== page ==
Back To Career News

7 Things You Should Know About Recruiters

You've received a call from a recruiter and the conversation was rather pleasant. You feel the two of you have hit it off and that you now have a potential ally in your job search. But it's now more than a week, and you haven't heard back from the recruiter and there's no reply to emails either. So what's really happening? Why haven’t you heard back from your "ally"?

You’ve received a call from a recruiter and the conversation was rather pleasant. You feel the two of you have hit it off and that you now have a potential ally in your job search. But it’s now more than a week, and you haven’t heard back from the recruiter and there’s no reply to emails either. So what’s really happening? Why haven’t you heard back from your “ally”?

Recruiter Call

(Photo Credit: PhotoStock/freedigitalphotos.net)

Understanding the role of the recruiter could help ease a lot of frustration and help you manage your expectations. Here are a few helpful pointers on working with recruiters.

Do You Know What You're Worth?

1. They do not work for you.

Recruiters work with organizations, and their main role is to fill open roles in their organization. In-house recruiters hire for their employer, while external recruiters hire for vendors. However friendly the initial phone connection, it does not mean that the recruiter will be working actively to place you. Their main responsibility is to fill the role. Granted, many recruiters will forward opportunities they think might be suitable for you, but they don’t have to.

2. They are not career counselors.

During the initial discussion, recruiters may take the time to learn a bit more about you and your career aspirations. But the purpose is not to help you in your job search, but to see if you fit the opportunities that they are working to fill. Emptying your soul out to them does not mean that they are creating the perfect role for you; sharing your aspirations only helps them shortlist or pass on your candidature. But staying in touch with the recruiter and establishing a good professional connection can help in the long run, if they refer you to positions that are a good fit.

3. They are not resume writers.

They can very well tell you to customize your resume for different roles or to present your resume in a clearer format. But you cannot expect them to help you redesign your resume. That is not their job.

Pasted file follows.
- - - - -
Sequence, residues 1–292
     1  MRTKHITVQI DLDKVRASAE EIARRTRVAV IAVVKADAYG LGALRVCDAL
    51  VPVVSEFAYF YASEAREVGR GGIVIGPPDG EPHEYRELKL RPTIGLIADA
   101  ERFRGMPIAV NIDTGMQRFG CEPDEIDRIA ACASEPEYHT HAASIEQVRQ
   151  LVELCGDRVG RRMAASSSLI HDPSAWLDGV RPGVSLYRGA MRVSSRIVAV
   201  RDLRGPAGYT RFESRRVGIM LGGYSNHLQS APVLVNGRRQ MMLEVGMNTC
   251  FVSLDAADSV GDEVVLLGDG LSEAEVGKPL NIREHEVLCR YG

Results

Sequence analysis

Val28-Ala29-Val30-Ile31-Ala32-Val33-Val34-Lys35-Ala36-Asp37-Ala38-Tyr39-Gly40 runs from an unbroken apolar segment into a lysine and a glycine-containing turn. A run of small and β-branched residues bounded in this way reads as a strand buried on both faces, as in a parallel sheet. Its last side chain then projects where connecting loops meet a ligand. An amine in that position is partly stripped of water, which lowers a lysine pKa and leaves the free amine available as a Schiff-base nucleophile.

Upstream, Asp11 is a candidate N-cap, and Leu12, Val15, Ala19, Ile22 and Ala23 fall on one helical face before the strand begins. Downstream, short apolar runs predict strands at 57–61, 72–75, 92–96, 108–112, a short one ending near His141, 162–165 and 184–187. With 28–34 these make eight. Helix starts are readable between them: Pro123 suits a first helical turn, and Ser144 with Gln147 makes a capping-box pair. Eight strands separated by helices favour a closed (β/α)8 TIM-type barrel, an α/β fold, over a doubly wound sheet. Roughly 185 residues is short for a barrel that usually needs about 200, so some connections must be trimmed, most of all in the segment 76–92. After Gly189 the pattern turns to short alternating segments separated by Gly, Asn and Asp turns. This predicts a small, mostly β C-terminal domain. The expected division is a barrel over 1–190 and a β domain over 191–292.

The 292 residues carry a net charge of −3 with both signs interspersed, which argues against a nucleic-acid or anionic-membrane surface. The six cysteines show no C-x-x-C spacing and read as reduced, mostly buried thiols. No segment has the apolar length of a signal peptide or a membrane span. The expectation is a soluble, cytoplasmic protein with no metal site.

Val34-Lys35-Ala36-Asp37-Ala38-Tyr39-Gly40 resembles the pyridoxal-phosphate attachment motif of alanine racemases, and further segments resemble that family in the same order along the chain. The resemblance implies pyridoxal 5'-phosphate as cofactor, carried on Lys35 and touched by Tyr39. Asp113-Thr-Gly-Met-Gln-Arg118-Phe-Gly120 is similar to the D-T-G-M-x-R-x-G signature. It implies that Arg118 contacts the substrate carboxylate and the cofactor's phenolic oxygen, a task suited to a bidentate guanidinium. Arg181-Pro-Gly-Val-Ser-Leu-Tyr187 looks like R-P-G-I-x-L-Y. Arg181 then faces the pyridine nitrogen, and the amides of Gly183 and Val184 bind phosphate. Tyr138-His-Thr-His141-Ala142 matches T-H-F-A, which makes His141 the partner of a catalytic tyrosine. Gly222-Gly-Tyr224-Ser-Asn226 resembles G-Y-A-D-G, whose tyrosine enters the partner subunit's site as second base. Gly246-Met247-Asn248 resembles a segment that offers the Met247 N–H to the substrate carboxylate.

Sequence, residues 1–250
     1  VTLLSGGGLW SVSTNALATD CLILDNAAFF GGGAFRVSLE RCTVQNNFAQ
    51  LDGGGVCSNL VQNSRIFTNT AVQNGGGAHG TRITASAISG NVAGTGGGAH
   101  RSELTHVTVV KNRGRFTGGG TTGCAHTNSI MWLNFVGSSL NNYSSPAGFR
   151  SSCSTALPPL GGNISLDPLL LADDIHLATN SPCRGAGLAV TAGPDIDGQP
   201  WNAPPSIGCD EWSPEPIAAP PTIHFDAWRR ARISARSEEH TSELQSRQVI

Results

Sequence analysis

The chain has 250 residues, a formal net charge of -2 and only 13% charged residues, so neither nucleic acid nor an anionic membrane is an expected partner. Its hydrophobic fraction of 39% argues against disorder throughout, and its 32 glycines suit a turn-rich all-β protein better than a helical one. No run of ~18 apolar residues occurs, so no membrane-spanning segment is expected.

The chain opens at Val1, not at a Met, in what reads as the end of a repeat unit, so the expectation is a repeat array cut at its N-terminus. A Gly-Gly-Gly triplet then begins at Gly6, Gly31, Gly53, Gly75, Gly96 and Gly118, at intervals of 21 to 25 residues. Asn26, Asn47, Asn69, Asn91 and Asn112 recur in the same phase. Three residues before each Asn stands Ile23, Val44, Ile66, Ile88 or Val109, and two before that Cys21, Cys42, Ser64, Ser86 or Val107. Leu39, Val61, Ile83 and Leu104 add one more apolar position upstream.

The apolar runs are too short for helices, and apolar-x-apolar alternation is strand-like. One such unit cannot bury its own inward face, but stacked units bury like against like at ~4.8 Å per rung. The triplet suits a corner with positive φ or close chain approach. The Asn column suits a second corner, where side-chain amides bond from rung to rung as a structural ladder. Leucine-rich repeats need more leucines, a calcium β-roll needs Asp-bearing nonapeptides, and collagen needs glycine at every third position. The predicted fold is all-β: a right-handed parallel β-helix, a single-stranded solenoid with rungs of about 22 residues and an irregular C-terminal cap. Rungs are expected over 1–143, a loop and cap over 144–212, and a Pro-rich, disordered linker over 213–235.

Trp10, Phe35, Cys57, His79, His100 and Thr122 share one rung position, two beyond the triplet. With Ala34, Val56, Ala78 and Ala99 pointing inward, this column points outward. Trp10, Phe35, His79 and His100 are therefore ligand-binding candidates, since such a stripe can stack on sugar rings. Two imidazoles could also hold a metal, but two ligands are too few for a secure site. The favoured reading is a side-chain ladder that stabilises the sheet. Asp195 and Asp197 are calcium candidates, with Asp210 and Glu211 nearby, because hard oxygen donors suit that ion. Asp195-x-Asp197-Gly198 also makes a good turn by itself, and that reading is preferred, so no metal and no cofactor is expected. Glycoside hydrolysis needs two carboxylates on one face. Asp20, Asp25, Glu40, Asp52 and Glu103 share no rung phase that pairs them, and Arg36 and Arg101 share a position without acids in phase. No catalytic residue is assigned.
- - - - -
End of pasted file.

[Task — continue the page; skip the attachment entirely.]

4. They don’t own the role or the recruitment process.

The hiring managers are responsible for identifying the right candidate. The recruiter does a basic check on your background and fit and forwards it to the owners of the process if he finds you to be a close organizational fit. The recruitment process (group discussion, panel interview, and case study), the timeline for closure, etc. are decided by the department in to which the position reports.

5. They may not know everything about the job, but they can screen you for fit.

The recruiter’s job is to source, shortlist, and share the right candidates for the job. If their candidates are selected, the numbers get added to their quota and they are paid for their effort, depending on their performance metrics. So they may not (with the exception of a few recruiters) be able to answer all your questions about the job. In fact, your questions may be taken back to the hiring manager for clarification. But most recruiters know the cultural fit of the organization they are working for, the behaviors that are encouraged, and the personalities that click, so they are able to screen you well for the organizations they work with.

6. They may not know why your candidature is being closed out.

While it is important to keep candidates updated on the recruitment process, recruiters may themselves become aware of any developments (position slashed, job description changed, candidate identified) only later in the process. Even so, they may not know the reasons behind the decision, especially if the hiring managers or recruiting organization do not share the information.

7. They cannot negotiate for you.

Once they connect you and the hiring manager, they only act as liaisons between you and the hiring organization. They can share your concerns or requests, but you will have to do your own negotiation to get what you want from your new role.

If you are looking for a job, it is a good idea to connect with recruiters or to get introduced to them through common connections. But remember, like with any job, some recruiters are great — they’re hands-on and follow through with their candidates, and keep them updated — and some recruiters aren’t and don’t. So instead of just completely depending on the recruiter, look out for yourself and network a lot. If you do find interesting openings, you could also let the recruiter know and he may connect you to the job poster.

Tell Us What You Think

Do you have any suggestions or experiences to share? Leave a comment or join the discussion on Twitter.

Padmaja Ganeshan Singh
Read more from Padmaja

What Am I Worth?

What your skills are worth in the job market is constantly changing.